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"All right," said Seiler. "Let's start something."
There began, for Seiler, a six-hour marathon of rounding up, by telephone, his own coterie of elite climbers. It was the holiday season, and some of them were away. Seiler reached one in Cha-monix, another in Marseille, others in the resorts of Switzerland. To a man, they agreed to drop everything and meet Seiler the next morning at the airport in Interlaken, where planes of the Swiss Air Rescue Service would fly them up to the meadow below the face.
The four climbers had now been visible on the face for five days; all Europe was watching the drama. At 7 on Friday morning, almost at the moment Stefano Longhi fell, a news report over the Bavarian radio system announced that weather conditions were bad on the Eiger, and there was no hope that the two ropes could be brought to safety. Ludwig Gramminger, the ranking authority on Alpine rescues, heard the report as he was shaving in his little home in Munich. A short, merry troll of a man, with one eye, a flowing mane of wavy gray-brown hair and the bulging leg muscles of a master climber, Gramminger ran to the phone with his face half-covered with lather and called the radio station. Where had they picked up the report and who had decided there was no hope?
The station gave him the name of Willi Balmer, chief of the Grindelwald rescue station. Gramminger rang through to Grindelwald and confirmed that the news had, indeed, originated with Balmer. "I would like to come with my men and see what can be done," Gramminger told Balmer. "But of course it is out of the question unless you give your permission." Mountain rescue groups did not compete with each other.
"I will let you know," Balmer said. "I promise to call you back with a decision."
On the chance that his help would be welcomed, Gramminger remained at the telephone, alerting members of the Mountain Guard and trying to arrange for a rapid passage into Switzerland. Gramminger had been hauling the living and dead off mountains for nearly 30 years. He had invented dozens of rescue devices: winch-and-cable equipment for lowering rescuers down mountainsides, brakes and pulleys for controlling the descents, a back-pack harness in which injured or unconscious climbers could be hauled to safety. He owned almost nothing; all his patents had been turned over to the Mountain Guard and the Red Cross and his lectures and training courses in rescue techniques were free.
An hour went by before Gramminger picked up his ringing telephone and heard the voice of Balmer, agreeing, with no show of enthusiasm, to permit the Mountain Guard to lend a hand. Soon Alfred Hellepart and several other members arrived at the Mountain Guard headquarters and began loading Gramminger's little Volkswagen station wagon with the red cross on its side. At one in the afternoon, with Gramminger at the wheel, they roared out of Munich. They picked up four more members of the rescue group on the way, and crossed the Swiss border to Alten Rhine. Gramminger drove at breakneck speed toward the passes of Switzerland.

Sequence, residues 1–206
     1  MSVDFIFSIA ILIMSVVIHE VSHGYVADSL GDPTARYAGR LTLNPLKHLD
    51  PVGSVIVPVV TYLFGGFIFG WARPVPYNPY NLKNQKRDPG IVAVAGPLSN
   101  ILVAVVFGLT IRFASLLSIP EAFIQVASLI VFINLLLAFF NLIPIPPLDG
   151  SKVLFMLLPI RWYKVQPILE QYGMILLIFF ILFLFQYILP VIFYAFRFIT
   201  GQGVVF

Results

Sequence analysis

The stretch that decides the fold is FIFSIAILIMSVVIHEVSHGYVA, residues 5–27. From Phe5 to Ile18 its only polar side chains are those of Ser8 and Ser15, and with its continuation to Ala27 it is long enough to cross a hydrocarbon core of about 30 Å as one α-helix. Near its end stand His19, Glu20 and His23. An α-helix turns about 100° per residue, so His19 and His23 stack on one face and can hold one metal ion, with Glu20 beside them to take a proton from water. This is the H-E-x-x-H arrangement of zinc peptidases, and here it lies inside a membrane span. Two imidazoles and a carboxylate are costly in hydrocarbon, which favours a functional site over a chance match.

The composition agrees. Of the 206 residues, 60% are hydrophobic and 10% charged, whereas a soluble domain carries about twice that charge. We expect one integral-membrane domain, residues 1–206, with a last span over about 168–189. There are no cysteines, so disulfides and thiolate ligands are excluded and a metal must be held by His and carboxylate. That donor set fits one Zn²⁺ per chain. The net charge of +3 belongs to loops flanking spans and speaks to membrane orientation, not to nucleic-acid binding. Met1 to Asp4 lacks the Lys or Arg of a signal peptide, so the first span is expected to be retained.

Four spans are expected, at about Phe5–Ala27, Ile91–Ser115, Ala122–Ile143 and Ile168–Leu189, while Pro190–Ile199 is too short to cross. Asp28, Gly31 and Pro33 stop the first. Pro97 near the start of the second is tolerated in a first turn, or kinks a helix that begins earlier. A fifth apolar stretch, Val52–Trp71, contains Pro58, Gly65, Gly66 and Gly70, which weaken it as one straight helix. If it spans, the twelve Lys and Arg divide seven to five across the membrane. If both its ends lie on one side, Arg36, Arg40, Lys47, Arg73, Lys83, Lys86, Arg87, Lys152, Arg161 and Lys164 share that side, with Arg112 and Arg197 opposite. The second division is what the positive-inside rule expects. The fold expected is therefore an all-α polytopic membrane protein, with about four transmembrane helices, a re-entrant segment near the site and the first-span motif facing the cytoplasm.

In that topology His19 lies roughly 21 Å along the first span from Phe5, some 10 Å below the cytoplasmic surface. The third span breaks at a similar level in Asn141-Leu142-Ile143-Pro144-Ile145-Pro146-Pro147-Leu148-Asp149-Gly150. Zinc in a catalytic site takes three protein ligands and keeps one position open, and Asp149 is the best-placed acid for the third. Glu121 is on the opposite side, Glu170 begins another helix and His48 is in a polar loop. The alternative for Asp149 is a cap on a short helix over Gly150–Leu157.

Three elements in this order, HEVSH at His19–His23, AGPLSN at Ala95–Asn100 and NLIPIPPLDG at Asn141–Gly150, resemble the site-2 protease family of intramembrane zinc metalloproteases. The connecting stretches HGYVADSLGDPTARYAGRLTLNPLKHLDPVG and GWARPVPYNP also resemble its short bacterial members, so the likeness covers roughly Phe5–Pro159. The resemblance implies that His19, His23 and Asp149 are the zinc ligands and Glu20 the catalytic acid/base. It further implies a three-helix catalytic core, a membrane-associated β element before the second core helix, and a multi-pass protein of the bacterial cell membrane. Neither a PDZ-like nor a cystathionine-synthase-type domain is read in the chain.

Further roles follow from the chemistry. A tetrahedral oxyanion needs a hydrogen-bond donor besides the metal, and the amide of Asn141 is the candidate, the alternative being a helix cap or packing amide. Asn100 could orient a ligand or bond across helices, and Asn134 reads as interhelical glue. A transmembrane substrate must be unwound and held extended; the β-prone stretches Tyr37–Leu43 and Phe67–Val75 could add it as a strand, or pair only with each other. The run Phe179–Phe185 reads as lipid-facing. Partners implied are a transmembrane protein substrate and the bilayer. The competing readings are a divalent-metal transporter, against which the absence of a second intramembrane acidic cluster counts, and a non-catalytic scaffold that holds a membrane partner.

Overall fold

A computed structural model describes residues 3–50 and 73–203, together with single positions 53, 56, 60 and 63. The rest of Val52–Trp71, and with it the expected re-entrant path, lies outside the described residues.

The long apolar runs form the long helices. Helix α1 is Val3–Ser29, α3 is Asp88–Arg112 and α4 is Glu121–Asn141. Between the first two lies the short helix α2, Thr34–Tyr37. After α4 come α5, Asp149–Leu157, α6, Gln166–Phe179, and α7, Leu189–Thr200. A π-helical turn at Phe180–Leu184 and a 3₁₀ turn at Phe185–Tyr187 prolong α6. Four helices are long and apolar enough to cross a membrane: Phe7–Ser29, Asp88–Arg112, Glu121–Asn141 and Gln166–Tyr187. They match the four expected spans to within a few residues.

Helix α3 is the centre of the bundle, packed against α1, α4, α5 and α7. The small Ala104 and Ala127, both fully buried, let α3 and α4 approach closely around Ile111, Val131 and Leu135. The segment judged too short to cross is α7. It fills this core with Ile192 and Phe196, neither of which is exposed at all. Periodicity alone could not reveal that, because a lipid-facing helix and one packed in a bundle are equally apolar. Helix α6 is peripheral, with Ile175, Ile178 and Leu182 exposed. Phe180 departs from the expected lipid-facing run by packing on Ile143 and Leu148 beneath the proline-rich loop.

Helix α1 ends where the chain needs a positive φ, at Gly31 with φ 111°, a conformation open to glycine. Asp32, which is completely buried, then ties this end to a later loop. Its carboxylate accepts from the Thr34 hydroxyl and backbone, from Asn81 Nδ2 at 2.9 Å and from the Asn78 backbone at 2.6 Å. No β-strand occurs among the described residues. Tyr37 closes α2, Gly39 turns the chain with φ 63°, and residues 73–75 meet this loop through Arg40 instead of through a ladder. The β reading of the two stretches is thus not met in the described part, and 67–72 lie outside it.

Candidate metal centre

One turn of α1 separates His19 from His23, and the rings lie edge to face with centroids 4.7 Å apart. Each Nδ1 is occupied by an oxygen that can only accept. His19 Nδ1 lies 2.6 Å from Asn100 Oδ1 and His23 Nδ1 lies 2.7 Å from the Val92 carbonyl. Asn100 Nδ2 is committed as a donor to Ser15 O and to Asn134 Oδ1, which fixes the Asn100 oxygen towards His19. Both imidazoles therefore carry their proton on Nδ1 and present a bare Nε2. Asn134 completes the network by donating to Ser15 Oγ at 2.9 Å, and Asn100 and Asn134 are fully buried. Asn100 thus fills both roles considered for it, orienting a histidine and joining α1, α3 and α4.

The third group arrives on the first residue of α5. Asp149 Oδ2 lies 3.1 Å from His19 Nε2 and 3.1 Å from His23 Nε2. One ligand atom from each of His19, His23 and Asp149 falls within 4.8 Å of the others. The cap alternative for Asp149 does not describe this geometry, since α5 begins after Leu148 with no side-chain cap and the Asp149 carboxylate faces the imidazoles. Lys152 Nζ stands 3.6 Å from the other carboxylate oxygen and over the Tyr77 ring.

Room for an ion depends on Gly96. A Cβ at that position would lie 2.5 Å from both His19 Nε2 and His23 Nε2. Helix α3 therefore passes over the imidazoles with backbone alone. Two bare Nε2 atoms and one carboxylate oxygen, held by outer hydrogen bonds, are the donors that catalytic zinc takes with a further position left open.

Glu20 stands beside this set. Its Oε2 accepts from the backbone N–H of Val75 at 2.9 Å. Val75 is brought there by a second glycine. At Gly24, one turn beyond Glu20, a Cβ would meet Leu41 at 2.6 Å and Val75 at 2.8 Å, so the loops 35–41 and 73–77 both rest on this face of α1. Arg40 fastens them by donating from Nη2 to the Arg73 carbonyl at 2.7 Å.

At about 10 in the morning that same day Corti and the Germans left Longhi on the ledge. His fall, and the attempts to haul him up, had cost the rope three hours. Clouds of rain dashed against the face as the tiring climbers headed across the upper edge of The Spider. Rockslides and avalanches missed them by a few feet. After several hours they reached the exit cracks, penultimate problem of the north wall. Now they were only 700 feet from the top, and less than that from the relatively easy summit snowfield.
Corti was hammering in pitons as the lead man on the rope, a few feet above the others, when a rock tumbled down the face and hit him in the head. He lost his balance and fell backwards, alternately spinning through space and ricocheting off the slope. He jerked up hard against the rope, 60 feet below the others, dangling head down over the hanging ice of The Spider. The blood from a long gash on his head spilled in crimson drops into the air, and he felt himself losing consciousness. "Pull!" he shouted in Italian. "Pull the rope!"
After long seconds the Germans understood, and Corti was maneuvered into a vertical position. He swung on the rope, grabbed at an outcropping and hugged himself to the wall. Now Mayer dropped down a few feet to a more secure stance on a ledge. Hauling at the rope, he helped Corti regain the 60 feet. Head spinning and face encrusted with blood, Corti was half-delirious. "We are not yet defeated by this mountain!" he announced wildly. He stood up to continue the ascent, but his wobbly knees buckled under him. He mumbled his thanks to the two Germans while Mayer cleaned the wound with snow and bound it with muslin. And then Corti realized that Mayer was trying to say something to him. "Tomorrow at 5 o'clock," Mayer was saying. He handed Corti the red bivouac tent. "Tomorrow at 5 o'clock," Mayer said again, and then the two Germans snapped onto the rope for the climb upward. Corti watched them climb 10, 20, 30 feet. Then he saw them pause, smile wanly at him and vanish upward in the mists.